COUNCIL MEMBER DEWITT WALTON SPEAKS DURING A MEETING OF THE ALLEGHENY COUNTRY COUNCIL PRIOR TO THEIR VOTE ON THE CREATION OF AN INDEPENDENT POLICE REVIEW BOARD INSDE ALLEGHENY COUNTY COURTHOUSE ON 8-27-2019.
By Cheryl Bauer
Photo by Nate Smallwood/Tribune-Review
In January 2020, a new legislative session began for the Allegheny County Council, including new members Bethany Hallam (D, Council-at-Large), Liv Bennett (D, District 13), and Tom Duerr (D, District 5), all of whom have made passage of a bill to establish a county-wide Civilian Police Review Board (CPRB) a priority, after the council failed to pass the bill proposed by council members DeWitt Walton and Paul Klein in 2019. Despite overwhelming public support for the bill, nine of fourteen council members voted in opposition, citing shortcomings in the bill, as well as concerns with budget feasibility and interest of municipal police departments within the county.
Councilmember Liv Bennett and Pennsylvania Interfaith Impact Network held a public comment session in Duquesne Township on February 19, the first in a series of comment sessions around the county to hear from the public what they can do to address the shortcomings of the originalbill within the scope of the PA Home Rule Charter, and to garner more support within the law enforcement community.
People from all parts of the county attended in support, with overflow into the hall and adjacent rooms and a wish list topped with subpoena power to compel officers to appear before the review board and assurance that complaints filed will be addressed with appropriate corrective actions. Councilmember Bennett, considering how participation could be incentivized to local police departments, proposed offering assistance to local bureaus to obtain accreditation through programs such as the Pennsylvania Law Enforcement Accreditation Program, and offering review of department policies and procedures.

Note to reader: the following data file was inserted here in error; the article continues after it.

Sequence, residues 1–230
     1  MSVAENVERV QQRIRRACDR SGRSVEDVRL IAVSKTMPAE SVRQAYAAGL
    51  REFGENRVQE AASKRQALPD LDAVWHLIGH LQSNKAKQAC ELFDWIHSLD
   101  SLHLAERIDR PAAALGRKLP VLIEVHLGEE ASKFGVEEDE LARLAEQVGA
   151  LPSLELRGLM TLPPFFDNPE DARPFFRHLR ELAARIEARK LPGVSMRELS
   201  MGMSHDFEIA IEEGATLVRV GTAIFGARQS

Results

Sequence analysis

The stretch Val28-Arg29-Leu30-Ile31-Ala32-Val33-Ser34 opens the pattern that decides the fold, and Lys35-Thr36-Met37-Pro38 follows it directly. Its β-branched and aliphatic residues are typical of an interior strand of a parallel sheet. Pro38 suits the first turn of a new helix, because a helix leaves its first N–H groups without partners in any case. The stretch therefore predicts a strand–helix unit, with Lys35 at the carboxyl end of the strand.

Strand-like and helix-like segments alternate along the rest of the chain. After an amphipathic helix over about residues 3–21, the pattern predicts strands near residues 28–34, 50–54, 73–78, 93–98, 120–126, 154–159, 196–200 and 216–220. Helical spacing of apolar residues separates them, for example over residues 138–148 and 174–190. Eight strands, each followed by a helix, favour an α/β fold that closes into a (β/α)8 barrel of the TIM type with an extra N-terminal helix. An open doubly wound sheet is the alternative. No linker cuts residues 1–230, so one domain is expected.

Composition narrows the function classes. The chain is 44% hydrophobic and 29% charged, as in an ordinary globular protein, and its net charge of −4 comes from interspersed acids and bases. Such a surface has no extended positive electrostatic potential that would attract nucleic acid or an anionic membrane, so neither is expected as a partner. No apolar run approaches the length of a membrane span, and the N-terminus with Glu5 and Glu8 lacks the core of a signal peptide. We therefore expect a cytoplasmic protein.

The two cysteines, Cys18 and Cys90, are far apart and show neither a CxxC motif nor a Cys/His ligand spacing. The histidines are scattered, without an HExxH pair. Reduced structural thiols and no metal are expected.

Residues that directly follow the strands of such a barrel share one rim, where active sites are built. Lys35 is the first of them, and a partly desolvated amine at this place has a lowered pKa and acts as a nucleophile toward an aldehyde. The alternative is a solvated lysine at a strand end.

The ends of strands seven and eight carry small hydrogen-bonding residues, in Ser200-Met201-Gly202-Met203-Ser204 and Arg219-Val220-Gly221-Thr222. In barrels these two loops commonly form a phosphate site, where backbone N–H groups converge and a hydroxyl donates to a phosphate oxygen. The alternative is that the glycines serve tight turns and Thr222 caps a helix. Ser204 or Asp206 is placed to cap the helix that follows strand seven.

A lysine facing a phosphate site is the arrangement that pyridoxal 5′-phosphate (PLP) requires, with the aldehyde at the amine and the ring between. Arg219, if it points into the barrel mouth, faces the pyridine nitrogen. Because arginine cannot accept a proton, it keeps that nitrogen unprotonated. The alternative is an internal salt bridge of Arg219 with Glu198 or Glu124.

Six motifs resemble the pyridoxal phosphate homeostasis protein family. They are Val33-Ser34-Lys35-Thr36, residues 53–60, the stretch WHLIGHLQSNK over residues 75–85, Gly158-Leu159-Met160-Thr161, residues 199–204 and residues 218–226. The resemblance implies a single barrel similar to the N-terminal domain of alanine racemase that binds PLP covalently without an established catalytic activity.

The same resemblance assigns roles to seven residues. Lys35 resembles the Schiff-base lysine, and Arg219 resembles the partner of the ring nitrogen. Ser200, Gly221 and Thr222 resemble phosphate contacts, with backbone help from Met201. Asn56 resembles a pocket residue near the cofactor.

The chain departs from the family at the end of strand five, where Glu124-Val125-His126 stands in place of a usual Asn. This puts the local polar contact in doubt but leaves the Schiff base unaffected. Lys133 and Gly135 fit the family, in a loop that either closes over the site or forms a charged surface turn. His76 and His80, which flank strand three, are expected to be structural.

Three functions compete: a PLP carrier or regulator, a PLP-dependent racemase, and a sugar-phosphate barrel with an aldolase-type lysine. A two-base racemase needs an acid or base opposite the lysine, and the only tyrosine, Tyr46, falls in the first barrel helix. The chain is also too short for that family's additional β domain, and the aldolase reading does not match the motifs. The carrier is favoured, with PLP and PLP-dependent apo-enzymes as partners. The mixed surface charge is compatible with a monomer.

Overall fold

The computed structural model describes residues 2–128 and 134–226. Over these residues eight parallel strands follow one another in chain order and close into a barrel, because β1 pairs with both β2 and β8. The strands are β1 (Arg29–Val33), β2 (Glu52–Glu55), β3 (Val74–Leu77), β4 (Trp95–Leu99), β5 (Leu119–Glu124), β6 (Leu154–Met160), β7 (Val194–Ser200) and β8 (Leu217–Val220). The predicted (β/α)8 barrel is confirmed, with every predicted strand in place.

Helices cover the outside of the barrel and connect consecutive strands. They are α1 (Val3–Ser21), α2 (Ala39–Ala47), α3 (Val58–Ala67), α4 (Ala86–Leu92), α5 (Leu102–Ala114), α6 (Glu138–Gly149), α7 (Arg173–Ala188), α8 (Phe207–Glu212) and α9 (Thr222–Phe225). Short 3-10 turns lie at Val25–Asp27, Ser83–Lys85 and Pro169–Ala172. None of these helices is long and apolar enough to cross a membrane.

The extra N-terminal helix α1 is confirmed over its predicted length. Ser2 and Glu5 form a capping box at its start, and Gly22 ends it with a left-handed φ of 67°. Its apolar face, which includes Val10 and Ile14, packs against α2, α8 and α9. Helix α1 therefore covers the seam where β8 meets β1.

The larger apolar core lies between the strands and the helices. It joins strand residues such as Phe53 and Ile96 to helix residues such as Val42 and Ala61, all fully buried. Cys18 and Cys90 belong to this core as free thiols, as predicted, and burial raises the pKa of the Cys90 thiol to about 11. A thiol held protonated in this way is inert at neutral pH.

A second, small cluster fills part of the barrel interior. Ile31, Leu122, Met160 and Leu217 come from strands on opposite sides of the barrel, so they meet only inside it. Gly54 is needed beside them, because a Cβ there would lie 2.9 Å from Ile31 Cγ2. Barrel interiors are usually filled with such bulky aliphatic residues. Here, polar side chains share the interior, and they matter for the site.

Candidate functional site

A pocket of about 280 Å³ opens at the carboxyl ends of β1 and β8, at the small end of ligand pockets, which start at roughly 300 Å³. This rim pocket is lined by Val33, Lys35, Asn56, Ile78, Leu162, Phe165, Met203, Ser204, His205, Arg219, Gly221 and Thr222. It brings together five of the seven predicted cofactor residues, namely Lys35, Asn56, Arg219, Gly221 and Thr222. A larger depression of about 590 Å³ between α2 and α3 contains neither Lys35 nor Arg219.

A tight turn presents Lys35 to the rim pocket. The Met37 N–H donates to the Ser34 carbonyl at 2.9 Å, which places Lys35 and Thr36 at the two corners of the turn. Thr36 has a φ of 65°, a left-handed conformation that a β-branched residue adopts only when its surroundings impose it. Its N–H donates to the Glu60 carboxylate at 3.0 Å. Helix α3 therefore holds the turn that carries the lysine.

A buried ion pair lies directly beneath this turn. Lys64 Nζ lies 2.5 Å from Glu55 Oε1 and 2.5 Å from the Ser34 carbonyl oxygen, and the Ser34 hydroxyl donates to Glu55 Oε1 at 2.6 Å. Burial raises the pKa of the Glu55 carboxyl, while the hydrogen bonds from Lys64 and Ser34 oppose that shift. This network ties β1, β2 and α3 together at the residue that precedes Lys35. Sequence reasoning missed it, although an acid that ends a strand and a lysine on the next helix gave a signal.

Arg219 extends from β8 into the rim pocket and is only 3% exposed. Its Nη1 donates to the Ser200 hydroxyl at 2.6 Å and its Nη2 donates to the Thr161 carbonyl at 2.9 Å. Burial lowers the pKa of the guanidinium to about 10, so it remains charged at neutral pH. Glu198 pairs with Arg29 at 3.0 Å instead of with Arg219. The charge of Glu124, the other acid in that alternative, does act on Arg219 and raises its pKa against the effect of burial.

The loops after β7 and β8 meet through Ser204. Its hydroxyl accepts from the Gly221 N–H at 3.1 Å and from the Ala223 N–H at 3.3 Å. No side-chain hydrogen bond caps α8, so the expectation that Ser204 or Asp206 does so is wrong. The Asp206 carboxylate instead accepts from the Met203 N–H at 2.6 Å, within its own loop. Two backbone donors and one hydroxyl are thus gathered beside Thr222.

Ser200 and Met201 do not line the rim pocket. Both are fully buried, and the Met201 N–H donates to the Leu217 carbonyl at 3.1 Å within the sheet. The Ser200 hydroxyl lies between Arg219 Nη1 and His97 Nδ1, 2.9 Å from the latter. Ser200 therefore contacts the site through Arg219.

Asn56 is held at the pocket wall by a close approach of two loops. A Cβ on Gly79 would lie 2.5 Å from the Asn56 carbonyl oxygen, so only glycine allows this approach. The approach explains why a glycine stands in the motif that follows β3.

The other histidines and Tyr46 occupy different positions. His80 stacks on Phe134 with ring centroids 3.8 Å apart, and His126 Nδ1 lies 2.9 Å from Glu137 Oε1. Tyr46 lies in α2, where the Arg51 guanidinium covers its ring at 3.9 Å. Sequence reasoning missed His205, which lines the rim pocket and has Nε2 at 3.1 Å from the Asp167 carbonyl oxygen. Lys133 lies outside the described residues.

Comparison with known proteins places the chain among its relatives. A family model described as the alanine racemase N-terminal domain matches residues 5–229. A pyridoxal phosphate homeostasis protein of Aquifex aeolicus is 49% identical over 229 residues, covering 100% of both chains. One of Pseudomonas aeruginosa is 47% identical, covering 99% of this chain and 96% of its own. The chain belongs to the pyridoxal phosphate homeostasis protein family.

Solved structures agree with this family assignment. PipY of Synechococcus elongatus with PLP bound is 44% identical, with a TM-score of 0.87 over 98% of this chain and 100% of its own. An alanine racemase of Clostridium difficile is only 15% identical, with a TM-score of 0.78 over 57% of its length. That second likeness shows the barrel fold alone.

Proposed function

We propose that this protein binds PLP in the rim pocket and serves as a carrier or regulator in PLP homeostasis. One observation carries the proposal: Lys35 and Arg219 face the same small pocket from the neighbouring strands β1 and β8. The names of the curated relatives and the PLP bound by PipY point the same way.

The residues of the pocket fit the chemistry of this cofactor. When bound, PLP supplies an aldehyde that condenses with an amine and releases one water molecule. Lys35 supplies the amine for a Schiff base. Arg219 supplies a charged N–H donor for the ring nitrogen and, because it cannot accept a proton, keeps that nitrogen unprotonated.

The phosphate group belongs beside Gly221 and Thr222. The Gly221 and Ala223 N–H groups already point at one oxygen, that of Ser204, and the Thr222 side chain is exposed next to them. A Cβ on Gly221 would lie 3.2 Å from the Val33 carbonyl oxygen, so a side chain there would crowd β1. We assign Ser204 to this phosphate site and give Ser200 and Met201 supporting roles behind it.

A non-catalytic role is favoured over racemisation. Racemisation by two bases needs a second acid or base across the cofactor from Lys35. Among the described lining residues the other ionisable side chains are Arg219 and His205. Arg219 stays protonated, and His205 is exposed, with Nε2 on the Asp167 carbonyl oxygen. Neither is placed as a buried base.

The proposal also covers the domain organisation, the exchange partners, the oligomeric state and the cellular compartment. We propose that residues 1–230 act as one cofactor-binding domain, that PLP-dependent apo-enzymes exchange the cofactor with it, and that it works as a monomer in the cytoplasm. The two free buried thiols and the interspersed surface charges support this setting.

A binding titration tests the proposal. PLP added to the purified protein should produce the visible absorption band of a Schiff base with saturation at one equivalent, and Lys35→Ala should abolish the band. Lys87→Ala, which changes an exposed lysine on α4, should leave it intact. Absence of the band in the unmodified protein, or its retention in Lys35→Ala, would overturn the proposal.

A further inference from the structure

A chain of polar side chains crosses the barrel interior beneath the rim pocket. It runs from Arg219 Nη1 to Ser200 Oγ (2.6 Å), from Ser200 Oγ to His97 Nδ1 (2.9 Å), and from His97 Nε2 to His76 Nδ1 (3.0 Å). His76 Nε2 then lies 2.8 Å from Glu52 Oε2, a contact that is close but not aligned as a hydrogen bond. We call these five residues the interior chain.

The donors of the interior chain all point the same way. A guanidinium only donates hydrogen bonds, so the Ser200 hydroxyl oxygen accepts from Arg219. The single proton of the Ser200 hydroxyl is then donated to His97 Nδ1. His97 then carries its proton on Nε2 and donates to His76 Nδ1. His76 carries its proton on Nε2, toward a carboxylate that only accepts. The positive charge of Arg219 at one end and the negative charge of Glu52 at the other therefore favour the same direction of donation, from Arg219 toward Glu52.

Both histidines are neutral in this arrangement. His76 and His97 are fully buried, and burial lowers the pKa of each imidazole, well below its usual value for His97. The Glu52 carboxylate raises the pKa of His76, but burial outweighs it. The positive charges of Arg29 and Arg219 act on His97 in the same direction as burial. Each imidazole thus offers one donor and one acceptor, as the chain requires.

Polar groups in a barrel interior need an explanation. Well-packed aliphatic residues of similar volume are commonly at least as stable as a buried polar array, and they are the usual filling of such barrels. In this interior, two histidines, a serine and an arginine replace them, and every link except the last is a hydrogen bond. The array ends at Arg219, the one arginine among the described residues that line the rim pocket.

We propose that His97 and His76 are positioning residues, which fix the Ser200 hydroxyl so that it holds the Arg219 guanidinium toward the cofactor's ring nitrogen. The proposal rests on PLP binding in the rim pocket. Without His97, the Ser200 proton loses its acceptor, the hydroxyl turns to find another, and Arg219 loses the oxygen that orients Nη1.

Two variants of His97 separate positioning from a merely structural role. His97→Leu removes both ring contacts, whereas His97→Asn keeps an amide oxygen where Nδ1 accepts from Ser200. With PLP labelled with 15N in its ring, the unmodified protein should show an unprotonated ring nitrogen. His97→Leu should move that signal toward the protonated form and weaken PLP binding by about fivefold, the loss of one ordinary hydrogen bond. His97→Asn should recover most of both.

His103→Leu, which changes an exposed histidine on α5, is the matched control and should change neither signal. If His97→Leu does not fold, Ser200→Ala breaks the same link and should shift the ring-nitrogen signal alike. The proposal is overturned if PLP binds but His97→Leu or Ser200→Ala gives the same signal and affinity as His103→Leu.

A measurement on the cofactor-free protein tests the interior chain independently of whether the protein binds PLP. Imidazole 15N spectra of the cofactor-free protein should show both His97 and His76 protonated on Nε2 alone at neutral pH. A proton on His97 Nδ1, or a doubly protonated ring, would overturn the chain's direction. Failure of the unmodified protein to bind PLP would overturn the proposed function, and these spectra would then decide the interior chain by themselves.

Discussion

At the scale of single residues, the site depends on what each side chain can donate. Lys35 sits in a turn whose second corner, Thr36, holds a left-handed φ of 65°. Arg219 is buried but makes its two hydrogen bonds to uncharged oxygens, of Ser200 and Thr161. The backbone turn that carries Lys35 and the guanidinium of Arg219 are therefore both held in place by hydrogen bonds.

Proponents of the CPRB for Allegheny County have been fighting for greater police accountability and believe that it is the key to better community-police relationships. Municipal police departments stand to save money spent dealing with lawsuits and lost time. The public cannot accept continued loss of life as the cost of police protection and service to our communities.
Follow Bethany Hallam and Liv Bennett on Facebook for updates on their plans to hold additional conversations in communities across the county, and consider attending to show your support. You can also call your county council-member at 412- 350-6490 to ask them to support the bill and share any thoughts you have about how the CPRB can best serve our county.
Cheryl Bauer is a member of the TMC and the NewPeople Editorial Collective.
NewPeople Newspaper VOL. 50 No. 3. April, 2020. All rights reserved.
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